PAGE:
Translation Model

Once students have finished prepping the materials for their models, they model translation. During this time, the teaching team is walking around and observing students practice translation. One of the most common issues is that students do not know how the amino acid chain builds. They will sometimes connect it to the ribosome or they will not connect the amino acids at all and instead just lay them out. If students are required to use the paper clips, then the teaching team can identify if students understand that the chain builds on a tRNA as tRNAs move in and out of the ribosome.

Translation Presentation

Because it is difficult to check every team in large-enrollment courses, it is essential to have a presentation of a functioning translation model – by either the teaching team or a student team. This presentation can be done using a document camera during class. Or, as a homework assignment, students could be required to view a video of the functioning model (e.g., https://youtu.be/vzfEMHozxS4) and write a reflective essay. The essay assignment can have them compare the way translation is modeled in the video to how they originally modeled it and describe any issues they had while learning about the process of translation. The teaching team can also provide students with critical-thinking questions to consider once they have mastered the process. For instance, what happens if a substitution point mutation occurs, changing one of the bases in a codon? If students repeatedly test what happens after this type of mutation, they will discover that multiple codons can encode the same amino acid.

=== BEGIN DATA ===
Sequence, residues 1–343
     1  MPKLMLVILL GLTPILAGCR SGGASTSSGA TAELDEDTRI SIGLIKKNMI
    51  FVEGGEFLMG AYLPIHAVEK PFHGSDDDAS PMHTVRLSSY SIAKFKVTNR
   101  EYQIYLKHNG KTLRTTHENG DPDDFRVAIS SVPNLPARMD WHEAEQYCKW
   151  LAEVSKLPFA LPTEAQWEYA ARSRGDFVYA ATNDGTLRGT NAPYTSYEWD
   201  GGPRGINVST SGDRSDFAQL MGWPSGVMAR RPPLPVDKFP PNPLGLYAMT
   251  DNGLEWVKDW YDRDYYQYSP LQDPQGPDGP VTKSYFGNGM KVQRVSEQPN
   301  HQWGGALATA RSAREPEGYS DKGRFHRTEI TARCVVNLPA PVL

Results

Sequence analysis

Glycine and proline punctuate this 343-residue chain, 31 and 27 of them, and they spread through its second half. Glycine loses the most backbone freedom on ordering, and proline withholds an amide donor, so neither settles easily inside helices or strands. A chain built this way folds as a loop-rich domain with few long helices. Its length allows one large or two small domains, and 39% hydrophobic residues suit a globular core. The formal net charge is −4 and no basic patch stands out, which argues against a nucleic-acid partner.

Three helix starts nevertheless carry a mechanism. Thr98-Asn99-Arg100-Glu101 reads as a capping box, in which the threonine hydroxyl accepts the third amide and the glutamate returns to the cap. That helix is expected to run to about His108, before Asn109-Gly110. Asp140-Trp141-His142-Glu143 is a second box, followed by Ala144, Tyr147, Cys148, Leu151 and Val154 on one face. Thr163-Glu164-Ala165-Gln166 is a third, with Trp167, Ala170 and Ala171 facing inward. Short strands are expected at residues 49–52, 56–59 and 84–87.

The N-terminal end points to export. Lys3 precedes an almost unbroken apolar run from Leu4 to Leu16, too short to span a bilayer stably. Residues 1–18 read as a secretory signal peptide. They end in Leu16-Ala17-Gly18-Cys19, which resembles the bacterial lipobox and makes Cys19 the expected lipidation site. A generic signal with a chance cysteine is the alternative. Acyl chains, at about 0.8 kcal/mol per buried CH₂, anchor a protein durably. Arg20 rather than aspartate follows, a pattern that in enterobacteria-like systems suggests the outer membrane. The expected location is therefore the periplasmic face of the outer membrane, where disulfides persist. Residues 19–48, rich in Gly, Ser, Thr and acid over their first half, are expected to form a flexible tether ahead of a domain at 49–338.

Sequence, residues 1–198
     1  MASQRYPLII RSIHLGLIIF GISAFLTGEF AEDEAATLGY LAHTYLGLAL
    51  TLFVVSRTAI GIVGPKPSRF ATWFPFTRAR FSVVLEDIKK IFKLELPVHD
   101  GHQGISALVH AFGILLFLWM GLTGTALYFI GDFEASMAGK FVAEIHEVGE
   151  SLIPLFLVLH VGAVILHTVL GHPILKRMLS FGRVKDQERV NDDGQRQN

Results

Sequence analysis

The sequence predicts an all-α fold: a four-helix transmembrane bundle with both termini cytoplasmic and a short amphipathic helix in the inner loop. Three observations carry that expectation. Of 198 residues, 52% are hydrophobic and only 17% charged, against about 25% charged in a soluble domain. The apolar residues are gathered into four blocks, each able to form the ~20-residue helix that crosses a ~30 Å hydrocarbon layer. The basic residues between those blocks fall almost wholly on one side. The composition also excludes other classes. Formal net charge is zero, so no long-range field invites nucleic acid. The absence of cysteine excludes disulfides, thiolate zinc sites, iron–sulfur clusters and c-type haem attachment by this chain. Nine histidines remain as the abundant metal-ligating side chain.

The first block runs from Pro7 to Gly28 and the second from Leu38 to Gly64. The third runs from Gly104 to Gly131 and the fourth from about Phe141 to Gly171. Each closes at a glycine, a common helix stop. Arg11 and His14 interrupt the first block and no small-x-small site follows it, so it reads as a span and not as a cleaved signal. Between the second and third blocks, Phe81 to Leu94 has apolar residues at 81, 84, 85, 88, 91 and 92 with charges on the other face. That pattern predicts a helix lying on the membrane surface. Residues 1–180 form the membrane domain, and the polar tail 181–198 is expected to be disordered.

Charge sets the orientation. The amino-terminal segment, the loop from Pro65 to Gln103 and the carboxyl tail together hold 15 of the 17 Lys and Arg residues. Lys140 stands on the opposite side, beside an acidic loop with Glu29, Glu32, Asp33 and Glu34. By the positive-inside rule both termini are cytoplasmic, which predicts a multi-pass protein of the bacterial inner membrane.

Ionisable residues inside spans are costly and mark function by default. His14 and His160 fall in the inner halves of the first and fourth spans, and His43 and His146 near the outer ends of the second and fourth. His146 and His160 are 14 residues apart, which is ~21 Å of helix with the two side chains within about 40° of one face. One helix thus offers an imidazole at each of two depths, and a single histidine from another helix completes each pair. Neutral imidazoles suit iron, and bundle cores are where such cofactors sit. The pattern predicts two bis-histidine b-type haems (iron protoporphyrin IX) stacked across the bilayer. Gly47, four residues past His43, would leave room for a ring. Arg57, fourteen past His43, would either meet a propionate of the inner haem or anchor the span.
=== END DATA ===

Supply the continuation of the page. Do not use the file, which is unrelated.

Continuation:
Conclusion

Before we began using this activity in the class, students would only draw a couple of key translation stages, and they typically just copied a few images from the textbook while changing the sequences to match the activity. After implementing the model activity in class, I discovered that the previous activity had missed several student misconceptions and that the current one leads to more students asking questions, such as how the amino acid chain builds or what the stop codon does. Although these models do require some initial time and monetary investment, the materials are relatively cheap, and the pipe cleaners and “ribosomes” can be reused each semester.

References

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Supplementary data